World Radio Day: Time for the youth to step up

DJ Boyza Dubasi brings online radio to the youth with his station Jozi Maboneng Radio (JMR). (Supplied)

DJ Boyza Dubasi brings online radio to the youth with his station Jozi Maboneng Radio (JMR). (Supplied)

On the outskirts of Johannesburg’s trendy neighbourhood Maboneng lies a rather dilapidated yet funky building, with a backpackers around the corner and the “Living Room” down the road.

Boyza Dubasi (34), one of the tenants of this building, turned a simple idea into reality. Being a music enthusiast, Dubasi felt that the existing radio stations did not provide their audience who “do not necessarily fit into the commercial profile”, with music that is not only specialised, but also relevant to the youth. He felt that if commercial radio is one’s “point of reference”, then the room for growth in the local music industry is bound to decrease.

Dubasi began to delve into the world of radio in South Africa.

He explains how the existing radio frameworks are not exactly user friendly. In order to obtain a frequency and license, “you need to pay R70 000 just to submit an application, and even then you are not guaranteed you will be accepted”. Driven by his love of music, he followed the example of many not-catered-for young radio enthusiasts around the world: to go online, and join a huge international family of independent online radio.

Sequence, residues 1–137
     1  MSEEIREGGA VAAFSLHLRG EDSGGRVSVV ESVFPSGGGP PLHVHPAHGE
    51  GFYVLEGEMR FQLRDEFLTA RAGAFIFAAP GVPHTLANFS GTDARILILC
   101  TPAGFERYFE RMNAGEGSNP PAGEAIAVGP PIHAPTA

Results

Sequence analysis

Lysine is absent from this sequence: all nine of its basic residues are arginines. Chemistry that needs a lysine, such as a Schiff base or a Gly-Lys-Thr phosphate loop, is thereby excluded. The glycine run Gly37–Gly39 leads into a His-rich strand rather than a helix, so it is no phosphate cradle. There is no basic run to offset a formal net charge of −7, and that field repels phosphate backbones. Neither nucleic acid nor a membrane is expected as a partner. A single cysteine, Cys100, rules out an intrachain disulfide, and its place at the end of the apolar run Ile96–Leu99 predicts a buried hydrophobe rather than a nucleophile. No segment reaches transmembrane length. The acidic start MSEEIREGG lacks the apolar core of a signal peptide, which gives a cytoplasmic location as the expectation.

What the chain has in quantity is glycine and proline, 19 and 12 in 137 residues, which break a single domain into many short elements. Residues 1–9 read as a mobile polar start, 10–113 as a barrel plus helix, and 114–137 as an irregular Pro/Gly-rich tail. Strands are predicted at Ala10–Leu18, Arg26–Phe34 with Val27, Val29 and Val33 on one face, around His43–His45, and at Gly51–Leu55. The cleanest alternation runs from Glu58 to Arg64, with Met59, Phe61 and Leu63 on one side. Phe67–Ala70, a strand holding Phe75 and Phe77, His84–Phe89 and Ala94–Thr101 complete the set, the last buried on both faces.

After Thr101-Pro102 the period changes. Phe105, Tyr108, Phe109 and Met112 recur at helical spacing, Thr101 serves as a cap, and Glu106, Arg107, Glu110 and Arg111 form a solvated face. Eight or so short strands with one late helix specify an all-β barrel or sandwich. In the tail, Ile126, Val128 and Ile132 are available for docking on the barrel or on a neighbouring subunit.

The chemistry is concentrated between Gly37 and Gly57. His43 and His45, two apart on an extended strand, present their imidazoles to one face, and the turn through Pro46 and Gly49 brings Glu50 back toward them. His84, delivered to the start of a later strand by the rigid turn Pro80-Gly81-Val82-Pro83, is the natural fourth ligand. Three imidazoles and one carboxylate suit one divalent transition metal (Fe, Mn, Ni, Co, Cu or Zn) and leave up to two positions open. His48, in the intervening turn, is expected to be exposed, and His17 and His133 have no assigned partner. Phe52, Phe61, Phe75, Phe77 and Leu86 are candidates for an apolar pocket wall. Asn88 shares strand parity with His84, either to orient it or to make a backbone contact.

Online freedom
That is exactly what Dubasi did – hence the birth of this online station Jozi Maboneng Radio (JMR). It allowed him the freedom to play music that the youth finds hard to find when listening to commercial radio. It allowed him the freedom to be able to provide “creative stuff that appeals to the youth”.

JMR’s studio here in Maboneng is adorned with a comfy couch, a makeshift kitchen, hip-hop in the background and online radio paraphernalia in the centre. The music they play range from hip-hop to jazz to soul, with a fair amount of local artists. They have managed to attract some of the city’s finest leftfield and even more popular DJs.

The future of online radio has such an appeal to it, not only because it is part of the whole digital craze, but also as Dubasi says “by going online, there is less red tape so for us it’s limitless”. It allows for a platform of critical discussion and “new ways of doing things”.

Calling it “outside broadcasting”, Dubasi explains the idea of pop-up raidio. He says the notion behind it is to bring radio to the people, to the streets of Johannesburg by collaborating with popular venues or local musicians. This is not only great in terms of broadening the minds of the youth in relation to music but also advertising all that’s new and exciting in Johannesburg.

JMR is not limited to music, and that is what is so inspiring about it. Every Wednesday, JMR has an entrepreneur show called “Open Wednesdays”. In an area where so many young entrepreneurs are coming up with great ideas, Dubasi says that he felt it was necessary to give “key insights into what it takes to succeed in such a competitive world”.